... Following all oil spills in marine waters, the potential contamination of seafood supplies and the subsequent risks posed to human health from seafood consumption are of major concern to government authorities and community members where the spill occurred (Gohlke et al., 2011;Dickey and Huettel, 2016;Wickliffe et al., 2018). The magnitude and duration of the DWH spill posed a significant threat to the well-being of Gulf Coast communities, many of which depend upon safe and productive fisheries (Dickey and Huettel, 2016). ...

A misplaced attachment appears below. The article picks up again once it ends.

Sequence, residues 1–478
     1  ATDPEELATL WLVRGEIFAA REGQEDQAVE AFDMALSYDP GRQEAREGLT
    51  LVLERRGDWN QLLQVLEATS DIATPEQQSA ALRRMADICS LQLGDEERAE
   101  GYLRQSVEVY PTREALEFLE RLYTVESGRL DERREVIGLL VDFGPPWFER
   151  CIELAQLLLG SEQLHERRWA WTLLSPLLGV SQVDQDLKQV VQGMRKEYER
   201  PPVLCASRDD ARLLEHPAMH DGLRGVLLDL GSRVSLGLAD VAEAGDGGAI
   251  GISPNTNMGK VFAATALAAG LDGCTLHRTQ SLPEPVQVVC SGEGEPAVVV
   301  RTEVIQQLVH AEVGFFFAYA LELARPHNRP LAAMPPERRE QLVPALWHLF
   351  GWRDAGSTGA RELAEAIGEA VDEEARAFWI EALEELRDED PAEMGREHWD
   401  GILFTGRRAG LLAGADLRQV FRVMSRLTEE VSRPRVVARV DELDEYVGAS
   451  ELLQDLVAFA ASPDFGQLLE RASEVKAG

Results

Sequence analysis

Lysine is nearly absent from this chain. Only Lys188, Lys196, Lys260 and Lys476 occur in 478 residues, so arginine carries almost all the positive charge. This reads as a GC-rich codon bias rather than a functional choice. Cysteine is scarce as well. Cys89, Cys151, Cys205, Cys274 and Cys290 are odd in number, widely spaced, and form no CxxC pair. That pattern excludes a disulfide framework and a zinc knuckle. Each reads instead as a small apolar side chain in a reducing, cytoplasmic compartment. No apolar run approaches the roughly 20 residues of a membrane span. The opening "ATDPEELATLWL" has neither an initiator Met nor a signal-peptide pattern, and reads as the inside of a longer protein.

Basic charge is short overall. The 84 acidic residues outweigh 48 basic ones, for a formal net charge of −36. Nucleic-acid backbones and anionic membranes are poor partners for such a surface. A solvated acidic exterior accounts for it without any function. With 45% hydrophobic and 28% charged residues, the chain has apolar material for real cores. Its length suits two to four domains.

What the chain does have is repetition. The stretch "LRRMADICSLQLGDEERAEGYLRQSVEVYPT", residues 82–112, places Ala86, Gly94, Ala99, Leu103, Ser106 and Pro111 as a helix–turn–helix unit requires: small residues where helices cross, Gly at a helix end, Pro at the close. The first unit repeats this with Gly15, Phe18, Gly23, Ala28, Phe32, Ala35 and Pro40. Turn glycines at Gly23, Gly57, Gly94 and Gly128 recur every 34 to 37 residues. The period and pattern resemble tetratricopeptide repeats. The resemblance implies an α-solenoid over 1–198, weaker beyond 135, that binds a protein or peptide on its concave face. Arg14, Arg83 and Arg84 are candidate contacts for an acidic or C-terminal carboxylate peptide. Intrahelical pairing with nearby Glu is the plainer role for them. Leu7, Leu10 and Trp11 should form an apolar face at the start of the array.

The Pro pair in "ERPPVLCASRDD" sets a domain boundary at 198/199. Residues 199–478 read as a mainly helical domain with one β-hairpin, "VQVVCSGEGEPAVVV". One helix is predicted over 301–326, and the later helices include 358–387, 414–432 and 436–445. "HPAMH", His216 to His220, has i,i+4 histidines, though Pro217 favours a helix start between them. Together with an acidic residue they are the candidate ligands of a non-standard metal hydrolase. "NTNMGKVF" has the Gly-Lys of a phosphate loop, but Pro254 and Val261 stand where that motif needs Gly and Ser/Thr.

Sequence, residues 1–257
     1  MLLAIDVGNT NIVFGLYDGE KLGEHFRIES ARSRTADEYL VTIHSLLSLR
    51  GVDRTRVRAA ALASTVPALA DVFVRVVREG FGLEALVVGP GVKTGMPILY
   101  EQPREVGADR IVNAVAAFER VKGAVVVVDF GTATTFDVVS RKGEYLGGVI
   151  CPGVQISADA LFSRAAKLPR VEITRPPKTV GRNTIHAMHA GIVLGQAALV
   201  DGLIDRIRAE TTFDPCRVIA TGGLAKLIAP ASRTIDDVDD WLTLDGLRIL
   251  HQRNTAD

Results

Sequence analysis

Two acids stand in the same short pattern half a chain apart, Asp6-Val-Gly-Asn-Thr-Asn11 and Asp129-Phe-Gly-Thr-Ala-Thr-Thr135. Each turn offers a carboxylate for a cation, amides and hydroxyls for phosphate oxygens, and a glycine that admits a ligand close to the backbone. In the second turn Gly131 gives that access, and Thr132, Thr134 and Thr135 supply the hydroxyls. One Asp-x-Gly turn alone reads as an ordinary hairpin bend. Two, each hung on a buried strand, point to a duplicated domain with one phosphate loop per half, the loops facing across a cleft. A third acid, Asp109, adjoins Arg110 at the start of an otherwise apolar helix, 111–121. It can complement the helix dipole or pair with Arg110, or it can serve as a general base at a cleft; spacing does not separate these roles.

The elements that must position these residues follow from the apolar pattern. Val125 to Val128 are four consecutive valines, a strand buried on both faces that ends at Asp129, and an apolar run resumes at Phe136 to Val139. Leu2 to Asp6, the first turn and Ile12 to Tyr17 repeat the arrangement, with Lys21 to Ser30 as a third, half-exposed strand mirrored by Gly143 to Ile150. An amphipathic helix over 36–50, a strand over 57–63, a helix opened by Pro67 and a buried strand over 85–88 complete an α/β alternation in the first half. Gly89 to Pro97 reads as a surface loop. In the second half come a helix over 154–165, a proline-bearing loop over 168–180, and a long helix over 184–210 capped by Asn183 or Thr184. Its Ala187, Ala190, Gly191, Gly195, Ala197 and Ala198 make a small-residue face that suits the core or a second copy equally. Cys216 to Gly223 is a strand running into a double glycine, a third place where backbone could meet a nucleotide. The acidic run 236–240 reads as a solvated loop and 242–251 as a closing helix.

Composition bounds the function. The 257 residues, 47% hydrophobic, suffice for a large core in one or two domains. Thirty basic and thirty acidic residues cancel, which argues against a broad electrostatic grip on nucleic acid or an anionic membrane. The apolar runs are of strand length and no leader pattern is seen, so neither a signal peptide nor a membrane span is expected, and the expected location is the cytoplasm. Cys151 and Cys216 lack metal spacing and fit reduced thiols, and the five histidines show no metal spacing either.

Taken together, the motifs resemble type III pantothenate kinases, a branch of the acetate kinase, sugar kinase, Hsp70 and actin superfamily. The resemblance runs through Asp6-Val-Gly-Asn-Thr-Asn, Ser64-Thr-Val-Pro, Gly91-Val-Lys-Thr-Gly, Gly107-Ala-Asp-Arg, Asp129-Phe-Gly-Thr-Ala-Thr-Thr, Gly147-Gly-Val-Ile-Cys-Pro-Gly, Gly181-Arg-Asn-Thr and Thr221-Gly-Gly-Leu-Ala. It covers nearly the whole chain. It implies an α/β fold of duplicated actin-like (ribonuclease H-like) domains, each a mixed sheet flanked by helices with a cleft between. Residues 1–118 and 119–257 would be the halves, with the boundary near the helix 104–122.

... These levels were considered to be safe or associated with negligible cancer and non-cancer risk for the US population (Ylitalo et al., 2012). However, the risk level, estimated duration of exposure, and the use of national demographic values for body weight, consumption rate, and longevity were extensively scrutinized (Gohlke et al., 2011;Ylitalo et al., 2012;Wilson et al., 2015;Dickey and Huettel, 2016). There was particularly strong criticism around the adequacy of information about exposure risks and how those risks were communicated to vulnerable populations (Rotkin-Ellman et al., 2012; K. Xia et al., 2012;Sathiakumar et al., 2017), such as pregnant women and Vietnamese-American fishers and their families. ...